THURSDAY, June 20 (HealthDay News) -- The common belief that rheumatoid arthritis patients don't benefit from knee replacement surgery as much as those with the more common osteoarthritis has been challenged by the findings from a pair of studies by New York City scientists.

Researchers from the Hospital for Special Surgery also found, however, that rheumatoid arthritis patients who underwent a total hip replacement didn't fare as well as those with osteoarthritis, though they did experience improvements in pain and function.

"One thing that we can clearly pull out of this research is that the levels of pain and function among those with rheumatoid arthritis were so much worse preoperatively at the point they approached joint replacement," explained rheumatologist Dr. Susan Goodman, the lead author of both studies. "They may be postponing or not getting to surgery until they're really in a much worse state. Perhaps that's one of the explanations for the results . . . perhaps it's their generalized disease. We really just don't know yet."

Goodman presented the research last week at the European League Against Rheumatism's annual meeting in Madrid, Spain. Research presented at scientific conferences has typically not been peer-reviewed or published and is considered preliminary.

Affecting one of every five adults, along with 300,000 children, arthritis is the leading cause of disability in the United States, according to the Arthritis Foundation. Osteoarthritis, the most prevalent form, progressively breaks down cartilage in the joints due to wear and tear, while rheumatoid arthritis is an autoimmune disease marked by inflammation of the membranes surrounding joints. Along with bringing chronic pain, both types can result in joint destruction.

Historically, rheumatoid arthritis patients have had worse outcomes after joint replacement surgeries than osteoarthritis patients, according to the study authors, but more effective drugs developed over the last two decades have helped them to better control their disease.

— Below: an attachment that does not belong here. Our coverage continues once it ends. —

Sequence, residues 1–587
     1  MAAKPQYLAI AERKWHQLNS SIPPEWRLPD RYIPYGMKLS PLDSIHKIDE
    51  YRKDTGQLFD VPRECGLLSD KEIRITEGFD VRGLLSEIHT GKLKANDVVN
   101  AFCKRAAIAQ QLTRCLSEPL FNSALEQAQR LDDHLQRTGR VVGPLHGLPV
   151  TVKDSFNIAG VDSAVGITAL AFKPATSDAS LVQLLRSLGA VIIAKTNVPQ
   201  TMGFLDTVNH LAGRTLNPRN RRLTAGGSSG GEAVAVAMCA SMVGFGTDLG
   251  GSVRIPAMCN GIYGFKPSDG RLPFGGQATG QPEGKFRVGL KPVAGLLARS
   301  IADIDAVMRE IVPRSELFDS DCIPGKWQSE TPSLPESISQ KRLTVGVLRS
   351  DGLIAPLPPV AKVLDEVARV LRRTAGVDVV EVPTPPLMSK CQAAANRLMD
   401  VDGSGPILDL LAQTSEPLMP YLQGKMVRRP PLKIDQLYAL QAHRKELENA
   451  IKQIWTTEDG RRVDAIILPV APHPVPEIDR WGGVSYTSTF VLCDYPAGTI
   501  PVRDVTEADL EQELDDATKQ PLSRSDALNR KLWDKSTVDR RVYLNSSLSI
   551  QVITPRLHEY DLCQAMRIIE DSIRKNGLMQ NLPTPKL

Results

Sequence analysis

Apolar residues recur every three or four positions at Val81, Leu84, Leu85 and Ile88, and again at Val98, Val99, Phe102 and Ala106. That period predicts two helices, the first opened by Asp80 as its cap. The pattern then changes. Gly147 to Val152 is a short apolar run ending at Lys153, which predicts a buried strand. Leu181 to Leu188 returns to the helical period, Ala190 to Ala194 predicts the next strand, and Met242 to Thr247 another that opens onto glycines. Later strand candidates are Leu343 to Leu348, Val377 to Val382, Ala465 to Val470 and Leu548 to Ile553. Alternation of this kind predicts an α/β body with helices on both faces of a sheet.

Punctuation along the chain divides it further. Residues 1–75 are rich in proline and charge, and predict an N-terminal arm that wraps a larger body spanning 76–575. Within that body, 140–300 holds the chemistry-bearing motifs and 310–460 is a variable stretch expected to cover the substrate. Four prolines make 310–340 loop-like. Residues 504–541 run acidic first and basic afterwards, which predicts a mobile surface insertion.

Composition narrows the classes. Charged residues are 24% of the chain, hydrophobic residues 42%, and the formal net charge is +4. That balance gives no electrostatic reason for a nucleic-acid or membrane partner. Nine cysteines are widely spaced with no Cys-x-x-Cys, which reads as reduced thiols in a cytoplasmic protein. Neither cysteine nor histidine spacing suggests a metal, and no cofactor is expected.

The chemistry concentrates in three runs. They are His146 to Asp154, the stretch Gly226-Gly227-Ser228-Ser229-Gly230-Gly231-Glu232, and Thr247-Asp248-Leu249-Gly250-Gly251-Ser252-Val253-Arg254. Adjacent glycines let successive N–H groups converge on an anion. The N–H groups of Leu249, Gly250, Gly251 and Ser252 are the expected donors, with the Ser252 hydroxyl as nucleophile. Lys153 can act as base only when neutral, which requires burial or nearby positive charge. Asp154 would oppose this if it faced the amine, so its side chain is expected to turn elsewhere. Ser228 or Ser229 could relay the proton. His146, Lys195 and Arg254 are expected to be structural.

In the first study, Goodman and her team analyzed joint replacement registry data to identify 178 rheumatoid arthritis patients and more than 5,200 osteoarthritis patients who underwent knee replacement surgery. Though rheumatoid arthritis patients had worse pain and function before surgery, patients in both groups had similar satisfaction rates after surgery.

The second study compared outcomes of 202 rheumatoid arthritis patients and more than 5,800 osteoarthritis patients who underwent hip replacement, finding that those with rheumatoid arthritis started out with worse function before surgery and also had worse pain and function scores after surgery. However, rheumatoid arthritis patients were as likely as those with osteoarthritis to experience an overall improvement after hip replacement, though the gains didn't erase the disparity between the two groups.

"The advice to rheumatoid arthritis patients is, really, that you will have significant pain relief [from joint replacement surgery]," Goodman said. "It is an area that needs more study. We're looking forward to assessing more rheumatoid-specific factors."

The research, which looked at participants with active rheumatoid arthritis, is consistent with what Dr. Olivia Ghaw, an assistant professor of medicine in rheumatology at Mount Sinai Medical Center in New York City, sees in her practice.